History of Squamish
The first people to live in the Howe Sound arrived in search of food and shelter about 5,000 years ago. Over time, their population grew in number and they began to build permanent settlements. Their society was dependent on salmon, cedar, shellfish, oolichans, and their own resourcefulness. The first Europeans arrived during the first half of the nineteenth century and developed a relationship based upon trade with the First Nations inhabitants of the area. The relative equilibrium between the two groups was crushed by the Cariboo Gold Rush of 1858. Almost overnight, the area was overrun by tens of thousands of fortune seekers. The Howe Sound would never be the same, as the new immigrants began to seek possession of the land for themselves for timber extraction, mining, and agriculture.
The first recorded settler in the Squamish Valley dates back to 1874 and by 1892 about 35 families lived in what is now Brackendale. Other inhabitants of the valley included Chinese labourers and a small community of Sikhs. Waterfront saw and pulp mills, mines, and farms began to dot the landscape. Farming was the main economic foundation for the European settlers and agriculture became more diverse and prosperous.
In June 1914, construction began on The Pacific Great Eastern Railway. By fall of the same year, the railway connected Squamish and Pemberton, changing the culture of the Squamish Valley forever. Although people could use the southern ferry corridor to travel from Vancouver to Squamish, it was not until 1956 that the communities would be connected by rail and another two years before they were connected by road.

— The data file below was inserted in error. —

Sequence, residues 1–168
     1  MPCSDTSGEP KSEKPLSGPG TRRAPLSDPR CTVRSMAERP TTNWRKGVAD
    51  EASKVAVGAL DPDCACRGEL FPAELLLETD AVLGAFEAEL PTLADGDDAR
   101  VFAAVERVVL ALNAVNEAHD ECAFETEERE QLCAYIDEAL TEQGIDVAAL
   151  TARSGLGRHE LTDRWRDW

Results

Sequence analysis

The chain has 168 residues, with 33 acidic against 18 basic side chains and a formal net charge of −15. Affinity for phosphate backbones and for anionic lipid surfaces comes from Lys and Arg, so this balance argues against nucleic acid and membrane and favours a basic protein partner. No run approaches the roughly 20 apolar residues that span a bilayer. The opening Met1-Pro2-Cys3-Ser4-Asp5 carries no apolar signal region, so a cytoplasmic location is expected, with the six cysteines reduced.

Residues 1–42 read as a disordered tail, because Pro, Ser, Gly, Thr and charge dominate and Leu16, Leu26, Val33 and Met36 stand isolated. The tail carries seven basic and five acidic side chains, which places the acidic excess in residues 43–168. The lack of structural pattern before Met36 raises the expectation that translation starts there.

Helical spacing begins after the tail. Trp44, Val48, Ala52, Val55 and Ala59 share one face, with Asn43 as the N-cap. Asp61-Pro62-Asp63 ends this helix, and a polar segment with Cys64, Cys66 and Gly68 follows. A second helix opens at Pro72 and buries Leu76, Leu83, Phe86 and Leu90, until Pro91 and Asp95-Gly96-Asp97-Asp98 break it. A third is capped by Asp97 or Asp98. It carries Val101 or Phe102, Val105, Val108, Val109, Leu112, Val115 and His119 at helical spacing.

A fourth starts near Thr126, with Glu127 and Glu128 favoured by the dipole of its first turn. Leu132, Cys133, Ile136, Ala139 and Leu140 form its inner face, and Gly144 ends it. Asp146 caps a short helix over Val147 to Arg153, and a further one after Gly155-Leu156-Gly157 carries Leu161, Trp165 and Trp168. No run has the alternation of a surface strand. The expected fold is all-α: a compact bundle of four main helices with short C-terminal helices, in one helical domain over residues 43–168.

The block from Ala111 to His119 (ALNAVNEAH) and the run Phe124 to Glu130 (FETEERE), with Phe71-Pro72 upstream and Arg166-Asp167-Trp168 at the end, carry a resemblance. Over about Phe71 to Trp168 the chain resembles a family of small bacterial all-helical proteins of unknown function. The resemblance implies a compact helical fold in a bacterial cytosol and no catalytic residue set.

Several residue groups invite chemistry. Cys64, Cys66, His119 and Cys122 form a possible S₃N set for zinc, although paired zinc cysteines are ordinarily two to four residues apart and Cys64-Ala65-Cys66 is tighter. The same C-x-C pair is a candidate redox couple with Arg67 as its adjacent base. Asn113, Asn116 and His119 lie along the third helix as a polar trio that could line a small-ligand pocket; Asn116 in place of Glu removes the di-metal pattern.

By the late 1940s, the forestry industry had taken hold in Squamish. Although the two communities of Brakendale and the Howe Sound had been connected by a road since 1892, it was not until 1948 that Downtown Squamish was incorporated as a Village. Nevertheless, the Valley as a whole remained divided into a collection of separate communities with no common government. On November 21, 1964, 78 per cent of the 3,000 Squamish Valley residents voted in favour of incorporation as a municipality.
As Squamish enjoyed decades of isolation from the rest of British Columbia, few people came up the Howe Sound for any reason other than settling and earning a living. The exceptions were the climbers of the British Columbia Mountaineering Club, with their eyes on the high, unclimbed peaks surrounding the Squamish Valley. It was over 100 years ago that the first attempts were made to conquer the peak of Mount Garibaldi. Since these early days, the spirit of climbing and outdoor adventure has been a mainstay of the Squamish community.
From the 1970s until only recently, Squamish was known as that town with the funny sounding name at the halfway mark between the heart of downtown metropolitan Vancouver and Whistler’s award-winning ski slopes. But today, Squamish is widely regarded as the Recreation Capital of Canada, and has quickly evolved into a successful tourist destination in its own right, drawing thousands of visitors to discover its action-packed outdoor adventures every year.